10 thought-provoking art galleries and museums that share Indigenous stories

Posted March 30, 2023

Art installations that make you stop in your steps. Interactive displays that cause moments of deep reflection. Joyous discoveries of histories you thought you knew.

It’s all here in Manitoba as together we explore Indigenous attractions and adventure into a greater understanding of our shared histories and unique cultures.

A visit to Manitoba means travelling through Treaty 1, 2, 3, 4 and 5 Territory and through communities who are signatories to Treaties 6 and 10. It encompasses the original lands of the Anishinaabeg, Anish-Ininiwak, Dakota, Dene, Ininiwak and Nehethowuk and the homeland of the Métis. To learn more about Manitoba's Treaty areas, click here.

From hurt to healing

For more than 60 years, the three-storey brick building near Portage la Prairie was home to one of Canada’s enduring shames—the residential school system. Now the Rufus Prince Building, named for a survivor of Portage La Prairie Indian Residential School who served in the Second World War and became chief of Long Plain First Nation, has been transformed from a place of hurt to a place of healing. Inside is the National Indigenous Residential School Museum, where artifacts and documents create a memorial to those who attended the schools and help survivors along on their healing journeys. Outside, a towering sculpture of a tree and an eagle stand above the beginnings of a healing garden and memorial wall to honour survivors.

Indigenous stories told

The Indigenous Perspectives Gallery at the Canadian Museum for Human Rights is a dramatic space that tells the story of First Peoples. The dedicated gallery is complex, sometimes uncomfortable and also beautiful, but it’s not the only place where Indigenous stories are told. Throughout the museum, the history of colonial violations collides with stunning artworks and thought-provoking images to offer a modern and ever-evolving perspective of human rights. Give yourself some time here to do a deep dive into the diverse range of lived experiences by Indigenous peoples and prepare for unexpected revelations.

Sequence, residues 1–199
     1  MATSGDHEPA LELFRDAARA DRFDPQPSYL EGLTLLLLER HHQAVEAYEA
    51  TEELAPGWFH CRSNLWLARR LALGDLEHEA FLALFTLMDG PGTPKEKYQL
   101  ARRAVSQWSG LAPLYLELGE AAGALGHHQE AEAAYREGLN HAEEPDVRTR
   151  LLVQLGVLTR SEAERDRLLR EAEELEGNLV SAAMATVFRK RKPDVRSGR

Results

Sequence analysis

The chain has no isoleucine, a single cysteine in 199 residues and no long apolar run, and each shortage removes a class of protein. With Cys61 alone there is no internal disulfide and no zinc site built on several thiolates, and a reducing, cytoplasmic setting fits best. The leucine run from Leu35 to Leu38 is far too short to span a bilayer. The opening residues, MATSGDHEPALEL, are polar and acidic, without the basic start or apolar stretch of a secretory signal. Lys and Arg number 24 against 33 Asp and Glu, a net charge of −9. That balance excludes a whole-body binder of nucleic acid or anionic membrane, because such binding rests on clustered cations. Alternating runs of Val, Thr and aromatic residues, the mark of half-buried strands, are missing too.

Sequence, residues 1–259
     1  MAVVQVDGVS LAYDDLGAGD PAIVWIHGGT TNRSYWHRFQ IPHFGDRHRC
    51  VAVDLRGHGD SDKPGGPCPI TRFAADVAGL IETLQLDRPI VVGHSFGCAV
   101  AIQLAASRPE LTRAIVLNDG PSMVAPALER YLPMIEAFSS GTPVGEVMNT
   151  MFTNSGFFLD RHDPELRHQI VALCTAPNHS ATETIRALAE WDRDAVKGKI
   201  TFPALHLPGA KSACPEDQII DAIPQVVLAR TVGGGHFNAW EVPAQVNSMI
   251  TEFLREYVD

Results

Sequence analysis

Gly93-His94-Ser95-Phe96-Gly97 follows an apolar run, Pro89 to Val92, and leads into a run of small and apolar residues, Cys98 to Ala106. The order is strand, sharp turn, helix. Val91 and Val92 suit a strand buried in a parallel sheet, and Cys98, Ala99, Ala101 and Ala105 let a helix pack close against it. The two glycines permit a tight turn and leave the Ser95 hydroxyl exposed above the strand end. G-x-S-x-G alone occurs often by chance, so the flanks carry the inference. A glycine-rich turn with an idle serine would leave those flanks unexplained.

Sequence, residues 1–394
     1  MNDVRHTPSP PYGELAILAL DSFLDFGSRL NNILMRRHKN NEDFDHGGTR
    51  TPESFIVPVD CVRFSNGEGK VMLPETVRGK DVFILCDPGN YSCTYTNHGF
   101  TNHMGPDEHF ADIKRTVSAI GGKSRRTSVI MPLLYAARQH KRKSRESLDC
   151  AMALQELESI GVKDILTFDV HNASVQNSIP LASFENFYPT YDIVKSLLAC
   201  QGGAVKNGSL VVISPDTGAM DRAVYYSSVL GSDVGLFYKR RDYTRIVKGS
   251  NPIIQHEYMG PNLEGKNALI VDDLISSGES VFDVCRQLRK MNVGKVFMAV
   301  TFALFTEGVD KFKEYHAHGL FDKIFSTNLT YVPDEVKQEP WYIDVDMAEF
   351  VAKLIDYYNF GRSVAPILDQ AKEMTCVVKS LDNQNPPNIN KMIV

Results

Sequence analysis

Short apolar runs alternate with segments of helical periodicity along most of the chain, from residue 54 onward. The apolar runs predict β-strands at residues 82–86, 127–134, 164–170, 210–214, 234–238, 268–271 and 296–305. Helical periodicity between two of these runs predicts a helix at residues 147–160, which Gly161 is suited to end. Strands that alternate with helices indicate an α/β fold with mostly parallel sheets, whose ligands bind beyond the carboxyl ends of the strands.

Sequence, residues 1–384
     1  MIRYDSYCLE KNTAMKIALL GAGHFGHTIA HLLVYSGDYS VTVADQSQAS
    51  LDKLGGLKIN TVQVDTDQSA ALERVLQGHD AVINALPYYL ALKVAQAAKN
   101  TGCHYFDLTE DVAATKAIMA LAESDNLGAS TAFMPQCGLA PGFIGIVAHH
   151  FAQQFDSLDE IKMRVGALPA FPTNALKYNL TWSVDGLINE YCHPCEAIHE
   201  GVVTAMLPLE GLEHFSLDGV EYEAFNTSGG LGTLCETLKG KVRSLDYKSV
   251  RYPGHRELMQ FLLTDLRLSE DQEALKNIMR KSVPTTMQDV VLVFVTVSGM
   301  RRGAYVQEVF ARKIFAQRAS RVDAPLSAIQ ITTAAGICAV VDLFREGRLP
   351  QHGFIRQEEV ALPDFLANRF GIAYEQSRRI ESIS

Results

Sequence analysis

Contemporary Indigenous art lives here

Since 1996, the Urban Shaman Contemporary Aboriginal Art Gallery has been the place to get a first glimpse at contemporary First Nations, Métis and Inuit art. The artist-run centre hosts the bizarre and the beautiful, challenging people’s notions of Indigenous art. From exhibits focused on the history of birchbark scrolls to exploring traditional weaving as a storytelling medium, the gallery is the go-to for inspiring and surprising Indigenous art. For a preview, head to their website that offers information in Cree, Ojibwe, Dakota, Michif and Oji-Cree.

The world’s largest collection of contemporary Inuit Art

Its the largest public collection of contemporary Inuit art in the world. And simply a must see. Qaumajuq at the Winnipeg Art Gallery holds 14,000 carvings, drawings, prints and textiles that tell the story of the people of the North. It’s unmistakable white stone façade echoes the vastness of the landscape and inside, a three-storey glass vault filled with thousands of Inuit carvings greets visitors. Get a glimpse of what’s inside with the large outdoor sculptures that welcome you in.